Super Fire Pro Wrestling - Queen's Special

Super Nintendo / Super Famicom

This week, we take a trip back to the "land of the rising sun" to sample another Japanese exclusive pro wrestling game. Super Fire Pro Wrestling - Queen's Special was released on June 30, 1995. Programmed by Human Club and released by Human Entertainment, it is one of the 16-bit titles in the very prolific Fire Pro Wrestling series.

 

Starting in 1989, there are literally about 30 games in the series! Nowadays, games get a LOT of sequels and series like Grand Theft Auto and Call Of Duty have been around for years, but a series that started 26 years ago and features 30 sequels is still very impressive. The people at Human, now Spike, must have been doing something right.

 

This game is a little bit of a departure from your average FPW game because instead of making carbon copies of real wrestlers and renaming them to avoid lawsuits and whatnot, Human Entertainment actually obtained a license from All Japan Pro Wrestling to feature it's Women's (Joshi) division. This also makes the game an exclusively female wrestling game which is unheard of in North America.... but in Japan, there were at least a few Joshi only games. Let's dust off this old cart and see how it matches up with other games from that era.

GRAPHICS AND SOUND: The intro screen features text that I assume is supposed to get you excited to play the game, although I can't read it... but you can't fault the game for that. I am merely a "baka gaijin" (stupid foriegner) when it comes to being able to read kanji so that's on me.

 

The wrestler models look good on the wrestler select screen. The faces are a little muddled and not as crisp as maybe they could be but I assume you could recognize them all, if you were familiar with them. I, for one, only recognized Bull Nakano because I was always a big fan of hers in WCW and she's the only wrestler here that I'm familiar with.

 

Once the matches start, all of the animations are very good, from the moves to even the referee counting a pinfall attempt. The ring seems a little small at first and you can be easily thrown out of it but it's not a big problem. Speaking of the ring, you can choose from a variety of different ring mats to use each with a different design or logo. All of the sound is well done.

 

The background music does just that....stays in the background. It doesn't overpower the whole audio of the game. You can even choose from a few different tracks in the options menu. One nice touch is when you clamp on a submission hold, you hear a sort of grinding sound. It's not realistic per se, but it really makes you feel like you're stretching someone out.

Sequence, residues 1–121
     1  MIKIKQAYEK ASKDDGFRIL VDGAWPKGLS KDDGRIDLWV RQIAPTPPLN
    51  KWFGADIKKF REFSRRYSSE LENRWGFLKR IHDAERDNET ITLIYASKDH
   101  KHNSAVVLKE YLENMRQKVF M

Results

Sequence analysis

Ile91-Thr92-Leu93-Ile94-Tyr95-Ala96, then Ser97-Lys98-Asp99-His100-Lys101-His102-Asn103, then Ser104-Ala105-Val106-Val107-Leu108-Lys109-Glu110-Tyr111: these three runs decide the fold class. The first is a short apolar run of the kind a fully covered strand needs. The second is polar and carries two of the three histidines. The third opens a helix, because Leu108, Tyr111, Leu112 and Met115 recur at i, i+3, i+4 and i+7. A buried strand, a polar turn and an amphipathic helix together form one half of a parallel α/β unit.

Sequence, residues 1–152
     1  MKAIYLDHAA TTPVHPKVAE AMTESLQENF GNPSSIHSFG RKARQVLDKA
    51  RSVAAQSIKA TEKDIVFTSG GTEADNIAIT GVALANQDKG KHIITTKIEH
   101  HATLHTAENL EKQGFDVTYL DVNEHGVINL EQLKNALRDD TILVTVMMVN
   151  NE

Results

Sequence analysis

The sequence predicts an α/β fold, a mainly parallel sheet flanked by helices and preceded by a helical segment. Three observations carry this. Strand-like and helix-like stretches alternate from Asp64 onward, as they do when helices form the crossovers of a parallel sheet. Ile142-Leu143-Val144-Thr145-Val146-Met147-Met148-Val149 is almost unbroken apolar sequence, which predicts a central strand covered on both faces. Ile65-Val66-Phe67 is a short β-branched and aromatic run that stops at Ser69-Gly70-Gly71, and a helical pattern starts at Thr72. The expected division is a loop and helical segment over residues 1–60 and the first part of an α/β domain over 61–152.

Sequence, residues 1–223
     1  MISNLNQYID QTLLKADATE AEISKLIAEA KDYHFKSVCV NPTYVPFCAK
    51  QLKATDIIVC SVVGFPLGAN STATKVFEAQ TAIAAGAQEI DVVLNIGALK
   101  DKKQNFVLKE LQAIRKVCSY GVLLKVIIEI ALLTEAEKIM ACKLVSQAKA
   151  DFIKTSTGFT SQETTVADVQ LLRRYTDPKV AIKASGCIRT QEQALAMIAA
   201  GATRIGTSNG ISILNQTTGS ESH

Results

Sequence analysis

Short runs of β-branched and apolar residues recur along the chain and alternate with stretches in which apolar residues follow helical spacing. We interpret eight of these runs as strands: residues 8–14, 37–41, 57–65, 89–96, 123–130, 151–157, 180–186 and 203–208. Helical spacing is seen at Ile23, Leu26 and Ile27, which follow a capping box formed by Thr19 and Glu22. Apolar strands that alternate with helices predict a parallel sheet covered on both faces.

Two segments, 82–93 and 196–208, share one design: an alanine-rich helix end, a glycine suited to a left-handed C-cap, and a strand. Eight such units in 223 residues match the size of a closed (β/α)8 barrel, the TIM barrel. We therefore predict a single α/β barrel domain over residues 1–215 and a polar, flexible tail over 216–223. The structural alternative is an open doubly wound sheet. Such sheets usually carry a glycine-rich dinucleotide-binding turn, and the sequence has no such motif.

GAMEPLAY:  Gameplay is always the strong point of the Fire Pro series. It's always unique compared to other games with its timed button presses and the fact that you have to wear down opponents before you can move to pulling off bigger moves.

 

If you "button mash" in any of these games, you will get absolutely nowhere. It takes strategy and being able to keep your cool and know exactly what you're trying to do. First time players always have to fight the urge to frantically press buttons when they're losing.

 

It bears repeating that the learning curve is really high for any game in the FPW series. It takes awhile to get the timing down like I imagine it would be to actually train to be a wrestler. When I first learned, I was just about ready to give up completely but then during one match, it all finally clicked. I can still never win EVERY match, which I like. It's always a struggle to get a win but that's what makes it exciting and makes every win feel like an accomplishment.

As far as game modes, there's a story mode in the style of the old "chase for the championship" mode many older games use. There's also a "one night match" as Fire Pro always phrases it and a battle royal and elimination tag mode similar to a Survivor Series style match.

 

Queen's Special also features a "create a wrestler" option which was probably a first. It seems pretty deep, too, but once again, I can't read enough Japanese to decipher it.

 

I think tag team matches are my favorite in this game. Your partner's always intelligent, running in to save you from a pin or submission attempt and when you and your partner are in the ring, you can pull off some devasting double team moves.

 

Going back to graphics for just a second, I did notice that when you're playing a tag team match and all four wrestlers are in the ring at once (which happens pretty often), the graphics kind of glitch out. At least it did on my TV but an older CRT television for which these games were designed to be played on may handle it better. Either way, it's not game breaking and you can play through it until it straightens back out.

VERDICT: I'll admit, when I got this game, I didn't give it much of a chance. I bought it just to add to my FPW game collection. I played it for a minute or two to make sure it worked and then just put it away. Upon replaying it for this review though, it's pretty good.

 

It looks better and smoother than the first couple of Fire Pro Wrestling games for the Super Famicom and, if you're able to decipher it, the game provides you with a create a wrestler mode which was probablly one of the first of it's kind. I also grew to love the smaller ring because the action spilled to the outside quite often which was particularly exciting when playing in a tag team match where your partner would get involved. Overall, I give it 3.5 stars.

 

Until next time....keep mashing those buttons (unless you're playing a Fire Pro Wrestling game....if so, just keep your cool)!

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